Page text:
Forklift Training Inspection
Forklift Center March 27, 2016 No Comments

In the recent past, I attended several local competitors’ operator training classes.  I had hoped to pick up some good training tips, see the content of each class, and learn about any weaknesses that might assist me if we went head to head for a customer.  I would guess that not many trainers have attended their competitor’s classes, but I found it very enlightening.

I picked three programs at random to audit, but all were offered by dealerships representing major brands of forklifts.  On the positive side, I did find some interesting statistics in several classes and got some ideas for a few new slides to add to our training.  It was also interesting to watch how each trainer interacted with the classes, the questions they asked, props they used, and other techniques.

On the less positive side, I was fairly shocked to see how some of these programs were operating.  Their downfalls are common and are worth noting for the benefit of our industry as a whole.  Listed below are some of the things I witnessed as I attended the three classes, though not every problem was present in each program.

  • One instructor started conducting a re-evaluation class, which was actually promoted as a certification class. When he found out a few operators had not be previously certified, and that one had never been on a forklift in his life, he continued on with the same exact PowerPoint program saying he could cover all the topics they would likely need.  The class claimed to cover type 1-6 forklifts in 2 hours of classroom time.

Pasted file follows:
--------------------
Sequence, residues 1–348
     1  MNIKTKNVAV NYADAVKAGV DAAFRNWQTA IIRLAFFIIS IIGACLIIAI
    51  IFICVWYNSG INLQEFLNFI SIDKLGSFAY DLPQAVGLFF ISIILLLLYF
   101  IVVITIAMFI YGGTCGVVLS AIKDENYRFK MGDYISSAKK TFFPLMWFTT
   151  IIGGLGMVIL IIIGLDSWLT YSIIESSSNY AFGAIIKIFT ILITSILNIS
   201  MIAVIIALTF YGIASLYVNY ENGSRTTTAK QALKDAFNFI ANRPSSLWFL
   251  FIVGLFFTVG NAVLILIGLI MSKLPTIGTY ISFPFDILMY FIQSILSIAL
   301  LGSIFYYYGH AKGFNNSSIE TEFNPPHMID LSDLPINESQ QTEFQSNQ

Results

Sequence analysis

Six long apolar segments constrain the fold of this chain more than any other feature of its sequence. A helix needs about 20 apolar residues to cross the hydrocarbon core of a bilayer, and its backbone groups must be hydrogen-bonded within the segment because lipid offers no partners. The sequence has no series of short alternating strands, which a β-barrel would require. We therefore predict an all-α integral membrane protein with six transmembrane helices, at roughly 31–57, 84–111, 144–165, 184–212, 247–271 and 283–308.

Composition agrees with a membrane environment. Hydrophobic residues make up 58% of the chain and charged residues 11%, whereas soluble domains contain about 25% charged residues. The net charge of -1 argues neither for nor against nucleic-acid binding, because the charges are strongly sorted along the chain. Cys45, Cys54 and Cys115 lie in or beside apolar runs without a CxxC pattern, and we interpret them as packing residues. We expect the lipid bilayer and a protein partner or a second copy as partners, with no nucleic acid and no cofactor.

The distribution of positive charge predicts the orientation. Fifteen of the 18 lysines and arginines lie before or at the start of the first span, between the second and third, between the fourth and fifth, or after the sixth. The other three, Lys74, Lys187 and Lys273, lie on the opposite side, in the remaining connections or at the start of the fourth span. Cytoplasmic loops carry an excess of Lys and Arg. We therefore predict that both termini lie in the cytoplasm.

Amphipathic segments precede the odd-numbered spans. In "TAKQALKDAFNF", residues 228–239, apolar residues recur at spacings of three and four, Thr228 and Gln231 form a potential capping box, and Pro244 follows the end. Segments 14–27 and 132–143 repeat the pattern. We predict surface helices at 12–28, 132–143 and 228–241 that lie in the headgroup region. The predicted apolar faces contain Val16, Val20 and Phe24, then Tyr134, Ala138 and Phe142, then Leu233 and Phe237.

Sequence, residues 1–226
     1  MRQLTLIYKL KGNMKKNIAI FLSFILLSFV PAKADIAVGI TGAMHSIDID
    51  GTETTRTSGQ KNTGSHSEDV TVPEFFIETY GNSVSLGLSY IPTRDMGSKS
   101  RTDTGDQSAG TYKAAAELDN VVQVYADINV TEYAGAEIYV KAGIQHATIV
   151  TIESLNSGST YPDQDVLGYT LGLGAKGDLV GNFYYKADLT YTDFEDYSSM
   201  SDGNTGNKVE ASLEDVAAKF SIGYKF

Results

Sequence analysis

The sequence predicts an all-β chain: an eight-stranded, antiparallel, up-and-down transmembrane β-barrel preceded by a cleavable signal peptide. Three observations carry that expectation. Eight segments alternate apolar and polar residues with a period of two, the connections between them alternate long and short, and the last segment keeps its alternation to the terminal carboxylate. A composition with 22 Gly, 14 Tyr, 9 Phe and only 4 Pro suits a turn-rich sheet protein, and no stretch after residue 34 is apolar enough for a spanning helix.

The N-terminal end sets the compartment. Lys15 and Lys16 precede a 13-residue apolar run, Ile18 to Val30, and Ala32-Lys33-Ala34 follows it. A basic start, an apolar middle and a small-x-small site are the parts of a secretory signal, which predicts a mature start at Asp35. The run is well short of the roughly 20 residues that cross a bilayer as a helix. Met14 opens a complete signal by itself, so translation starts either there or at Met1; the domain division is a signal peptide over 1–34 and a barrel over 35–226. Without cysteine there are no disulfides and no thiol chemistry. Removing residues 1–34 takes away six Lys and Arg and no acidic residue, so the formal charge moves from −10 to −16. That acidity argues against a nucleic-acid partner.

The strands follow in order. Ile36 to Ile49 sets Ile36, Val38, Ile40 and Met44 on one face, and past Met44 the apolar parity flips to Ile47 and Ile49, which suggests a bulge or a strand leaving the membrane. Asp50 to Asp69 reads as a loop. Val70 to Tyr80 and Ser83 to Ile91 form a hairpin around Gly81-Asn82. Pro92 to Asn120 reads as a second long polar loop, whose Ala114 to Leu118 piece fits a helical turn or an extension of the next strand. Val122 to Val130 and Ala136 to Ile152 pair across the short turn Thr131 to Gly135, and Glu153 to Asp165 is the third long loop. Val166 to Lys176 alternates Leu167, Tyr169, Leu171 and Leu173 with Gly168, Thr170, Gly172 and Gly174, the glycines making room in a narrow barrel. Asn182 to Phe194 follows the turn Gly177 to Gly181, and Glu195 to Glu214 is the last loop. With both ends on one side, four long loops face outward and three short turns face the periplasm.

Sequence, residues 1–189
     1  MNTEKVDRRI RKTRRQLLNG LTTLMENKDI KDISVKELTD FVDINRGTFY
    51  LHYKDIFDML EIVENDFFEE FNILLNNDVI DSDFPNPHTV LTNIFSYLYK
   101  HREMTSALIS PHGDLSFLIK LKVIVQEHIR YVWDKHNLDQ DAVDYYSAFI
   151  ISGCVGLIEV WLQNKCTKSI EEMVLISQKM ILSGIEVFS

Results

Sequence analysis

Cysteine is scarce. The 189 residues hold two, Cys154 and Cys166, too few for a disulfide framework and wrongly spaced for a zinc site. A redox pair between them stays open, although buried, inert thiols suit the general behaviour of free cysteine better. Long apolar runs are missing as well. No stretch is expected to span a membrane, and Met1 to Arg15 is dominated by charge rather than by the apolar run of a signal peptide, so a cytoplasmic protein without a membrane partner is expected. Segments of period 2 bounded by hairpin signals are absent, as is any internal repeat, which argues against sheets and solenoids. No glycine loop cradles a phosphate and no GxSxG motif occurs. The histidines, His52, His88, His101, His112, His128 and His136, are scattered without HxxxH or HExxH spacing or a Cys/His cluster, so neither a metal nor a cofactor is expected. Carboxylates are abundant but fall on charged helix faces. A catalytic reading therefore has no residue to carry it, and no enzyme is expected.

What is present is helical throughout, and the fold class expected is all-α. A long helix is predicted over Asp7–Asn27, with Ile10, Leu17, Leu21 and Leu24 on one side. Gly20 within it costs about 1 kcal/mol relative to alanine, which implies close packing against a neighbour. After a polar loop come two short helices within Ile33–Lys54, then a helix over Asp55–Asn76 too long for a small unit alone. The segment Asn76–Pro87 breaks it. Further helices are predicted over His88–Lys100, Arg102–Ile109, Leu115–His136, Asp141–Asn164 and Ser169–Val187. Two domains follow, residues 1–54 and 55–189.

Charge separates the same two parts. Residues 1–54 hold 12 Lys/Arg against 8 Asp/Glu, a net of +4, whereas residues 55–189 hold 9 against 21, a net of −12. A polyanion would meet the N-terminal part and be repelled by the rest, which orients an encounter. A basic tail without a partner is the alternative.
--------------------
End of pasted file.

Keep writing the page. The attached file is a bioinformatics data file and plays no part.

• In one class, I met an operator that had never driven a forklift in his life and struggled with the written test in English. I will never know how he did since he was asked to grade his own test during the classroom portion!  During the hands on portion, he was put on a forklift with no practice and promptly collapsed some shelving during his evaluation.  Hands shaking, he parked the lift and the instructor told him he passed and would get his certification in the mail.  Afterward, I asked about the operator’s performance and the instructor told me that he had only failed a handful of people in over three years of being a full time trainer.
  • One instructor made the comment “this is not a pass or fail thing, it’s just training. I’m not here to make the call whether you pass or fail.”  He followed that up by giving the class a 40 question test. Eleven of those questions were graded, but the other 29 he gave out the answers to without having the class even attempt to answer them on their own!  The final passing score reflected the total of 40 questions, not just the 11 that were legitimate.
  • All three classes conducted the hands on portion at their dealerships and then issued certification cards to every student, which is NOT OSHA COMPLIANT. Only one instructor noted that the evaluations would have to be done again in the actual workplace and on their own forklifts.  No paperwork was issued stating that the hands on evaluations needed to be done at the end users site and on their forklifts; therefore, the employers would assume, incorrectly and unfortunately for them, that the training was complete.  OSHA very clearly states in CPL 2-1.28A – Compliance Assistance for the Powered Industrial Truck Operator Training Standards: Can the evaluation required by (l)(2)(ii) be based entirely on observation of the operator in a training facility outside the workplace?  The evaluation must take place in the workplace so that the evaluator can observe the operator under actual workplace conditions.

In summary, I thought training had come a lot further in the last 20 years, but I was very disappointed in some of what I encountered during these classes.  I would suggest that if you manage a forklift dealership or safety training company that you stay in touch with what is happening at a grass roots level.  Take your own classes once in a while, see what is happening, and make sure your company is at least meeting the bare minimum OSHA forklift requirements, if not more.  Ask yourself, is this the type of training you would want for your son or daughter if they were learning to operate a 10,000 pound machine?